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They said "You Can't!"

A long long time ago, they told me I couldn't shoot a .45 caliber. I'm too small. My hands are too small. "You Can't".

The words ring in your head. "You Can't"

The truth is, it's hard. The recoil on the .45 is more than a smaller caliber round. So it's physics. The smaller you are, the harder it is to absorb that recoil energy. The more it knocks you back. The more your arm and hands get pushed back to the point where that movement can actually hinder the slide action which moves the next round in place and it can cause a jam.

I didn't know all that before I embarked on the journey of "Yes, I can and yes I will!"

It was a long time ago, but I spent hours every week at the range shooting thousands of rounds. My gun jamed and I thought something was wrong with the magazines. I got new magazines. I tried different guns. I had to finally accept that the problem was me.

Once I figured that out, it was learning that I could never go slack. I had to always lean into it, give it my all. NEVER go slack. There's no room for error. 100% focus. And practice, practice, practice. There's no room for saying I don't have enough time. It MUST be done. I had to put in all the miles.

There was a lot of frustration and doubt during those thousands of rounds and thousands of hours. There was wondering, were they right? Am I wrong?

I still have to put in the miles. It's a perishable skill. No slacking. No excuses. I'm put to the test in qualifications 4 times a year, every year, year after year.

A few years back I had hernia surgery and couldn't lift weights for a period of time. I qualified right before the surgery, and I qualified the next time having gone a little weak from not being able to lift weights. I qualified just fine, no jams, but every shot hurt my body due to the lack of strength and being so small. It made me realize how important lifting weights is to this job. If I don't want to be miserable, I must lift weights at least 3 days a week. There's no if's and's or but's about it. It's non negotiable. That means, doing it most of the time when you don't feel like it. Motivation isn't a FEELING. It's a KNOWING.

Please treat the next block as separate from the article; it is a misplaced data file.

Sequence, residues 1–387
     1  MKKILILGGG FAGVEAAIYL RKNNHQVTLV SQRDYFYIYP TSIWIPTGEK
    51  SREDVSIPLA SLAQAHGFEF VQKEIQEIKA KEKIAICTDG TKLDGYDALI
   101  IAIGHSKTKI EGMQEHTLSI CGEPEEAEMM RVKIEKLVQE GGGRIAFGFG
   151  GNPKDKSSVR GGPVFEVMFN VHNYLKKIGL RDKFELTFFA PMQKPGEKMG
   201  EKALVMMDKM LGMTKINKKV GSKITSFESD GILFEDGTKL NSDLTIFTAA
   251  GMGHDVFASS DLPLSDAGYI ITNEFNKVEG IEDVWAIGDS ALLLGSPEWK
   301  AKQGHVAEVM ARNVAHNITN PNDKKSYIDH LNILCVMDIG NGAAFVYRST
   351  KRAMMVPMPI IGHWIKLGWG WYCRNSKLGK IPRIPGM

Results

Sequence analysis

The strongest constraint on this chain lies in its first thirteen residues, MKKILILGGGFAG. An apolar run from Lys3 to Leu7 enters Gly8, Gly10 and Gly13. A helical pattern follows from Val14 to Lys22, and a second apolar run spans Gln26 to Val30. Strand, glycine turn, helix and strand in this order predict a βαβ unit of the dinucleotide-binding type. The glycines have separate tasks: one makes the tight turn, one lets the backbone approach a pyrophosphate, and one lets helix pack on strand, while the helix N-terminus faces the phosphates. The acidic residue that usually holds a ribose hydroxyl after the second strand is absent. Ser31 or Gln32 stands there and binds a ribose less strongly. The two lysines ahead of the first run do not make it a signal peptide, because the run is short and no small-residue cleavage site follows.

Even if you are a bigger person this still applies. The workout makes you better at your job. Oh in so many ways, this is just one tiny example.

My point is, yes you can prove them wrong. But you are going to have to put in the thousands of miles as well, and then you are going to have to put in a few miles every week to maintain.

It doesn't matter what it is that you want to do. You are likely to have your own version of overcoming. It might be mental, it might be physical, or it might be a little of both. It ebbs and flows along your journey. Do you want it bad enough, whatever it is, to keep putting in the miles? Do you want it bad enough not just to prove them wrong, but to use it to improve other areas of your life that might be even more important? Do you really KNOW what you miss when you quit or slack off?

How will you react the next time they say "You Can't"? Or, the next time YOU say "You Can't"?

And what makes you forget the KNOWING you once had when you first started something?

PS If you want to connect with me in the All-In-One Fitness App and I'd be happy to show you around and help you change your life in the same way I described in my own personal story. Get the App, Subscribe, and send me a message inside the App. Let's do it!


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